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Byron Shire
March 25, 2023

$5 million to improve Northern Rivers rural drainage systems

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Damaged rural drainage systems will be cleaned out, repaired and fitted with mechanisms that will reduce the impacts of future flooding, thanks to the Australian and NSW governments’ $5 million Northern Rivers Drainage Reset Program.

The program is part of the $150-million Primary Industry Support Package, co-funded under the Commonwealth-State Disaster Recovery Funding Arrangements.

State Member for Lismore Janelle Saffin at the launch of the NSW Flood Inquiry in Lismore.

‘I welcome this modest grant as will our local farmers, as it can start to address a long-term legacy issue,’ State Member for Lismore Janelle Saffin said.

‘It is recognition that this is a major issue that needs to be addressed in the overall mitigation plans yet to come. A welcome small reset,’ Ms Saffin said.

‘I have advocated on this matter across all local government areas of the Lismore Electorate. Here in Lismore alone, Lismore City Council in 2016 had a drains maintenance backlog of some $23 million.’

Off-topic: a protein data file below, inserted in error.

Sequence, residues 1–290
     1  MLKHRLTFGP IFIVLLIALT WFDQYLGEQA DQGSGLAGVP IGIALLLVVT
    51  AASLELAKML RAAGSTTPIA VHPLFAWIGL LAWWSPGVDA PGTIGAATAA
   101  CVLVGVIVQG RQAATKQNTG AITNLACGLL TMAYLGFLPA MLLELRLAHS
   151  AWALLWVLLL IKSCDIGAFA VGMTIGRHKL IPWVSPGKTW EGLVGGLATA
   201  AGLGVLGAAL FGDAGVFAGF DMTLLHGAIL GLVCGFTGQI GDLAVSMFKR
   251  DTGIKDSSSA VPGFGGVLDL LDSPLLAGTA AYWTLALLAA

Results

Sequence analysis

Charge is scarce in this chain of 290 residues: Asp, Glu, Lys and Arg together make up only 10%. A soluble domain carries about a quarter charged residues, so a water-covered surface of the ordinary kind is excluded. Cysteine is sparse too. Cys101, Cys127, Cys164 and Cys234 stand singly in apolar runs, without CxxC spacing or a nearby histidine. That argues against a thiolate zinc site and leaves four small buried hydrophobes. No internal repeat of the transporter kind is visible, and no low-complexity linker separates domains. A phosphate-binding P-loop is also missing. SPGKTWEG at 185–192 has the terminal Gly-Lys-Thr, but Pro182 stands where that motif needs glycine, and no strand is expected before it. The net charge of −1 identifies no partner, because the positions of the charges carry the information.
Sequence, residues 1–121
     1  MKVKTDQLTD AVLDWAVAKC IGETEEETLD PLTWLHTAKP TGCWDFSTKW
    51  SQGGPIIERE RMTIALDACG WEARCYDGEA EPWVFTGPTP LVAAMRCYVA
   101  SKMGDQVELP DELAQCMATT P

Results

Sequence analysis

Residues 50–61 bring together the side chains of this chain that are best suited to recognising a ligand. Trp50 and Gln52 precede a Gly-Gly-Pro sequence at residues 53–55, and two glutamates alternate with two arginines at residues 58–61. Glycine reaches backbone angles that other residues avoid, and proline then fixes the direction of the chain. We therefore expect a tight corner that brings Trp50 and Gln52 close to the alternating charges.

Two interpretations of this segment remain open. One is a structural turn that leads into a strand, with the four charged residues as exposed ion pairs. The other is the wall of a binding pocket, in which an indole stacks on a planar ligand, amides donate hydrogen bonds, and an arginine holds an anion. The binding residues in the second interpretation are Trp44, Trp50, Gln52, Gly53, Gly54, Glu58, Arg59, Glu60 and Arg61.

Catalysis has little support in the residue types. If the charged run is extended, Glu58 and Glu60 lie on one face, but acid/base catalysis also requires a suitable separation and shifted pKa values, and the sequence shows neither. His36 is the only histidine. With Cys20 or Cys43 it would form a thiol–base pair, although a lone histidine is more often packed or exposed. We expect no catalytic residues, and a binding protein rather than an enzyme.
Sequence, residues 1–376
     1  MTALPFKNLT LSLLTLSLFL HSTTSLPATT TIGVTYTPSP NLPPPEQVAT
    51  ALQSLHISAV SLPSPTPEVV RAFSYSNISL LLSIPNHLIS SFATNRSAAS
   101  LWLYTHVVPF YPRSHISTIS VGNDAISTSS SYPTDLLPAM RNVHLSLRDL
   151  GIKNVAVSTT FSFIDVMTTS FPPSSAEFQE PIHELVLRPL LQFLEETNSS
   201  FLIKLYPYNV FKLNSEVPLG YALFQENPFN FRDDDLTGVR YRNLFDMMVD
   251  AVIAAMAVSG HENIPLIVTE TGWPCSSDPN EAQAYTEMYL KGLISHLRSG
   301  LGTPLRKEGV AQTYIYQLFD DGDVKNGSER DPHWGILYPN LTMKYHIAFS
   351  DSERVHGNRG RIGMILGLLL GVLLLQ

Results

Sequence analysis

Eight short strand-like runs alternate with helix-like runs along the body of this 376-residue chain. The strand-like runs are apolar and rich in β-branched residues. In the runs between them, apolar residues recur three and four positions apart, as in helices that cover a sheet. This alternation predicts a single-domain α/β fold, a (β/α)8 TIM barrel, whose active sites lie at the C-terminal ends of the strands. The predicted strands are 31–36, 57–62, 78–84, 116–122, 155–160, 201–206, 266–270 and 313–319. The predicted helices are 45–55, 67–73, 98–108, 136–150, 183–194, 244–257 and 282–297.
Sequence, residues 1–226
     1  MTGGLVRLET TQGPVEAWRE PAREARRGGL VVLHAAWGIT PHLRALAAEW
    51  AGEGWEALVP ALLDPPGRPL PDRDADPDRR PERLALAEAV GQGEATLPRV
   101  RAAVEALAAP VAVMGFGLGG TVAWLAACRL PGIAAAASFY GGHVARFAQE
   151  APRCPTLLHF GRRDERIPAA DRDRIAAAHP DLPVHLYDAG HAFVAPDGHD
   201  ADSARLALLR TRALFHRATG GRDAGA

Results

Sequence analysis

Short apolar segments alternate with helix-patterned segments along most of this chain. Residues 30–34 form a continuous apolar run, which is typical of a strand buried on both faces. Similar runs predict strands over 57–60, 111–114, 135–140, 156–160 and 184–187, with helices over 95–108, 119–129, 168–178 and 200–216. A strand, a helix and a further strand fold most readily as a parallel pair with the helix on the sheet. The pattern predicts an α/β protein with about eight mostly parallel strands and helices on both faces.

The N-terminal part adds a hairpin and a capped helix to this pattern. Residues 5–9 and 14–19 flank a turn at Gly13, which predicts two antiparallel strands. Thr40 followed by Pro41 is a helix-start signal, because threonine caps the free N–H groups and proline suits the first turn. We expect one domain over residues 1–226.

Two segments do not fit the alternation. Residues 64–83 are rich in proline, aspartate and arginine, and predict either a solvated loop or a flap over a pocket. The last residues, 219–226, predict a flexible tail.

Federal Minister for Emergency Management, Murray Watt, said the program would support the recovery of Northern Rivers primary producers in the sugarcane, horticulture, rice, soybeans, beef and dairy industries who continue to be impacted by flood-damaged drainage systems.

‘This program will provide an injection of funds to improve priority drainage channels, reducing the immediate risks to agricultural assets and surrounding communities in future flood events,’ Minister Watt said.

‘The funding will focus on the cleaning and treatment of sediment in drains to assist in the movement of water through these river systems.

‘This represents the practical and tangible ways we’re improving the longer-term flood resilience of this region.’

The $5-million Northern Rivers Drainage Reset Program is being administered by Regional NSW in partnership with the Northern Rivers Reconstruction Corporation, and will be rolled-out by local councils.

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  1. Barrages on the mouths of every river going into the sea is really the only course of action worth thinking about because it would stop the incoming tide holding back the out going flood waters that is causing so much flooding out of the rivers into farm land upstream .
    Barrages could be built elsewhere on a slipway or in a drydock and floated and towed to the mouth of a river and then sunk into position and other work connecting them to the river bank be carried out by local contractors .
    Waterwheels could be installed in the construction of each section to provide round the clock power from each tidal flow


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